Federation Internationale de Natation (FINA) is the governing body of the international competitive swimming. According to FINA, competitive swimming has started hundreds of years ago, but it was fits recorded in 19th century.
Competitive swimming has become one of the most demanded sports during the last decades. Men and women compete in order to record faster time in the swimming pool.
It was Great Britain that first developed competitive swimming as a real sport and started to organize different competitions during 1837. Already in 1896 it was one of the Olympic sports (it was intended only for men, for 100 or 1500 meters freestyle).
Nowadays this sport is widely spread among men, women and children. There are 4 strokes available in competitive swimming – freestyle, backstrokes, butterfly and breaststroke. Medley – is the combination of all 4 styles.
Freestyle stroke allows the swimmer to choose any stroke. While there are hardly any limitations, but the most commonly used stroke is the crawl. During the crawl the swimmer’s arms are stroked over the surface combined with flutter kicks up and down.
The second type of stroke, backstroke, includes motion of the arms and at the same time with a flutter kick (the athlete is on his back). When the swimmer reaches the end of the pool, he/ she can rotate to the stomach in order to turn around and continue the race.
The third type, probably the most beautiful one, is the butterfly style. While implementing dolphin kick, the arms are simultaneously moved over the water. The legs of the swimmer are kept together. When the swimmer turns or reaches the finish both hands should touch the wall at the same time.
The last stroke, breaststroke, reminds of a frog. The arms are moved simultaneously on the same plane (horizontal) while the hands are pressed from breast to front (the action takes place both on the surface of water or under the surface). Like in butterfly style, in breaststroke, the swimmer should also touch the wall with both hands when turning or finishing the race.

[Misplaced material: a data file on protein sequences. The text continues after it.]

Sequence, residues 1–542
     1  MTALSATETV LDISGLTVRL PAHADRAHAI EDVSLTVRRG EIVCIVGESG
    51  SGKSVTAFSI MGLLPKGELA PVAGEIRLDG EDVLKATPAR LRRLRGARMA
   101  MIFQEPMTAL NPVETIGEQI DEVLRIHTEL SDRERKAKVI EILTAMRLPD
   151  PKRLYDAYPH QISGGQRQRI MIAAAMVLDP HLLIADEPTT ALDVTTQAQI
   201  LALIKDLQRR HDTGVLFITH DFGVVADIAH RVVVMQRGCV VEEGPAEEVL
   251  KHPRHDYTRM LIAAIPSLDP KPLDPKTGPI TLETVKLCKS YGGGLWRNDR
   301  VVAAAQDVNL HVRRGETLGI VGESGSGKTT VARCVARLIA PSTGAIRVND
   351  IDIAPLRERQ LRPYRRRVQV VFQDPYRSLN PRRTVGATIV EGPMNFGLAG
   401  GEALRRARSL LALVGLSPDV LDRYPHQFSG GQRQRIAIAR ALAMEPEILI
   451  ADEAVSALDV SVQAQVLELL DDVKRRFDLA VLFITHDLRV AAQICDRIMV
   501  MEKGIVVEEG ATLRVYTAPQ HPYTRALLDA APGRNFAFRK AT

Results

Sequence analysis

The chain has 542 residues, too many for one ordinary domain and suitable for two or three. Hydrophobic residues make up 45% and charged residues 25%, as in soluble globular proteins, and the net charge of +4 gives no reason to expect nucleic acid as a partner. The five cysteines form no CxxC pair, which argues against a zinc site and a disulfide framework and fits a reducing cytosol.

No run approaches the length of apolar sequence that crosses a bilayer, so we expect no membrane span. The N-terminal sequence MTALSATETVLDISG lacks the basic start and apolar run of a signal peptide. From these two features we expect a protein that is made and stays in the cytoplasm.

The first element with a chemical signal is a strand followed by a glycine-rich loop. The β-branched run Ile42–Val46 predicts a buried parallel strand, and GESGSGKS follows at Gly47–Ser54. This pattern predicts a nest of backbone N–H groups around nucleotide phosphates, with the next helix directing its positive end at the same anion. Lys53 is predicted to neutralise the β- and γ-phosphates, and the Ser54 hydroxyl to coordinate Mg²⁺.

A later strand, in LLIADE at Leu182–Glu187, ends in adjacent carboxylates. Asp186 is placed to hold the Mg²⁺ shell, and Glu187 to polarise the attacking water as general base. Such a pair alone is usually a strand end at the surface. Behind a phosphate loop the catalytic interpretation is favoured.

During the competition the participants are mainly divided into competing groups based on their age and achievements. For younger participants – the groups are mainly consisting of children aged up to 10 years old (or 8 in some cases), 11-12, 13-14, etc. up to 18. The senior events, as a rule, do not follow the similar logic.
The group competitions also consider age and achievements of group members. The sportsmen are competing in long (50m pool) or short (25m pool) courses. The difference here is that participants can power up more in the short courses as they reach the wall more often.
The distance varies a lot: it can be 50m, 100m, 200m, or even 800/1600 meters for freestyle (women/men). For each stroke special rules have been prepared in order to ensure the fair and equitable conditions for all the participants. This is also done for the promotion of uniformity within the swimmers.